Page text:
The chief ingredient in Mu Xiang Shun Qi Wan is Saussurea lappa, also known as Aucklandia lappa. This herb is very aromatic due to its high content of volatile oils, giving rise to its name, mu xiang, meaning fragrant wood. Normal function of the digestive organs requires a smooth flow of qi; stagnation of qi results in pain, distention, and abnormal activity in the organ.

Saussurea helps promote the flow of vital energy both in the stomach and the intestines, thereby relieving pain and distention and stopping diarrhea. It acts as an antispasmodic to smooth muscle, thereby relaxing the intestines, and it inhibits the bacteria that cause dysentery.

This preparation has other positive effects in the stomach as well: It contains ginger to relieve nausea and vomiting, radish seed and hawthorn berry to move stagnant food out of the stomach, and citrus peel and barley sprouts to strengthen stomach function. Manufacturer: Lanzhou Foci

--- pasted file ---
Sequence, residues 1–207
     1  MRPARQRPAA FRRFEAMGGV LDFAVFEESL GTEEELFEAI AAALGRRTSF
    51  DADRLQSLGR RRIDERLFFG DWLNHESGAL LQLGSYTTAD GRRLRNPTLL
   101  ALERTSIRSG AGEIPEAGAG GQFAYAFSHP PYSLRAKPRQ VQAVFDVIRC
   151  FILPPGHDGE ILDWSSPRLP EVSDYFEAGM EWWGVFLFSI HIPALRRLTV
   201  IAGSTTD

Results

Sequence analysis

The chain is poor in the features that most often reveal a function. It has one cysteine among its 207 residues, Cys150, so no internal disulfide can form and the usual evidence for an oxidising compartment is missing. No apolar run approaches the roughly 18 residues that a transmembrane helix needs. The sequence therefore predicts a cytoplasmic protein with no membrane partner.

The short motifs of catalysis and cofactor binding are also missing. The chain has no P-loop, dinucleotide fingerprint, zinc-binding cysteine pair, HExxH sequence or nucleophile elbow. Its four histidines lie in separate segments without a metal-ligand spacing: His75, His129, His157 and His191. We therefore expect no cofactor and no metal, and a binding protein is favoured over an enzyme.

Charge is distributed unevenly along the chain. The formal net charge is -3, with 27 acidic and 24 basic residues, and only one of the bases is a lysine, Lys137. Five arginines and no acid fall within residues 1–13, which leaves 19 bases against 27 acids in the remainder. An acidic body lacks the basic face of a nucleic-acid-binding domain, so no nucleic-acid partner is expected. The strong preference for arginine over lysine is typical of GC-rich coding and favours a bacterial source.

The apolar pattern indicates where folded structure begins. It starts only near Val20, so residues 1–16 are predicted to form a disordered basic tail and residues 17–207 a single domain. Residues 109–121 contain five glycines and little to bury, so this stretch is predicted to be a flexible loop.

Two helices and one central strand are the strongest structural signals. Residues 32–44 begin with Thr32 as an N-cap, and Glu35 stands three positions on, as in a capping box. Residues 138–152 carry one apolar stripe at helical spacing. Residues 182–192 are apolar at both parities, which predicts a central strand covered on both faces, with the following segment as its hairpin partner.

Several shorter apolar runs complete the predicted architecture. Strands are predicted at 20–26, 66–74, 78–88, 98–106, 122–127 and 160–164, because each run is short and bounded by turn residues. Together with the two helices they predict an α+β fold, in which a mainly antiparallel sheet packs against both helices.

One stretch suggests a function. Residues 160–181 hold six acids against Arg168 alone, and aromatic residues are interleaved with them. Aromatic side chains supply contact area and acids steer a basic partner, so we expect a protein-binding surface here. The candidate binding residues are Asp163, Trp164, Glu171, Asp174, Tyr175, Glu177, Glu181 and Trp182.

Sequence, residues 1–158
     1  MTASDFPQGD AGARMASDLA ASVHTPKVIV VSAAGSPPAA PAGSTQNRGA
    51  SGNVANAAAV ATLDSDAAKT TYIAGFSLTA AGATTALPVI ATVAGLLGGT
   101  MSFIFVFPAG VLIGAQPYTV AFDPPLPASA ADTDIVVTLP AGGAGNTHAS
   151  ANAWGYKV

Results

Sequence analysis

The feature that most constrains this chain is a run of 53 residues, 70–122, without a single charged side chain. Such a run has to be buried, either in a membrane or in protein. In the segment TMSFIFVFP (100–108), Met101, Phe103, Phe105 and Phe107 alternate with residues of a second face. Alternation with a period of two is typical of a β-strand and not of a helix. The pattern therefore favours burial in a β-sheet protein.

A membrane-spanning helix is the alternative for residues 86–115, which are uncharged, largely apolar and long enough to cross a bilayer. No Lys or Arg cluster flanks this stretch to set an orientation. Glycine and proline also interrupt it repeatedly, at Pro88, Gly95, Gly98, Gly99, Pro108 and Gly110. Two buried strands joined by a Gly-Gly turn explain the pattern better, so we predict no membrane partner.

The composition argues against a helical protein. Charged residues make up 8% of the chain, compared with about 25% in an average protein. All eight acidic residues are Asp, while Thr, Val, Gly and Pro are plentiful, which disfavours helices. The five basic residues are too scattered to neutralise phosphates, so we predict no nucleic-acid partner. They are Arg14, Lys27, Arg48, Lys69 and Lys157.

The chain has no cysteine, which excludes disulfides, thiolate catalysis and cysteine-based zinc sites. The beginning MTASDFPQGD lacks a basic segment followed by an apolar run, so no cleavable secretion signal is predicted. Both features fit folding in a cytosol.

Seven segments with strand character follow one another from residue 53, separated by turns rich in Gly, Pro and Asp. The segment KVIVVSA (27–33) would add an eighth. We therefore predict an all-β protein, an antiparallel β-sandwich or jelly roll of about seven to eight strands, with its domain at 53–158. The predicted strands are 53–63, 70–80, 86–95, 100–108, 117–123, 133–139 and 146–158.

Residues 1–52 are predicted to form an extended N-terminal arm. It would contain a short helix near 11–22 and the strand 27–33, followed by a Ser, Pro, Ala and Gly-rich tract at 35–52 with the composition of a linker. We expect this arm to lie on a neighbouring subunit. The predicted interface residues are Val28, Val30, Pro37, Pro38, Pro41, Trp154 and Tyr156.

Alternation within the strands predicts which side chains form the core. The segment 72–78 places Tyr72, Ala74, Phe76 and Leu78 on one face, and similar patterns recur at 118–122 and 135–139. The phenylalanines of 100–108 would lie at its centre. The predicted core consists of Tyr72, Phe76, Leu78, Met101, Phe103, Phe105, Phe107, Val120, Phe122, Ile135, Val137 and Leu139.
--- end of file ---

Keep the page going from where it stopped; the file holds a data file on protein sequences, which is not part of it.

Dosage: 8 pills, three times a day

The next section of this article has detailed information on a traditional Chinese laxative that contains rhubarb. Read on to learn about this natural remedy.

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Traditional Chinese Mild Laxative Pills

Traditional Chinese Mild Laxative Pills treat constipation with a combination of cannabis seeds, peach pits, rhubarb, and more. For best results, follow the dosage instructions below.

Chinese name: Run Chang Wan (ruhn chahng wahn)

Also known as: Moisten Intestines Pills; Peach Kernel Pills

Indications

Constipation due to excess heat

Functions

Lubricates the intestines, promotes bowel movement, purges heat from the intestines

Description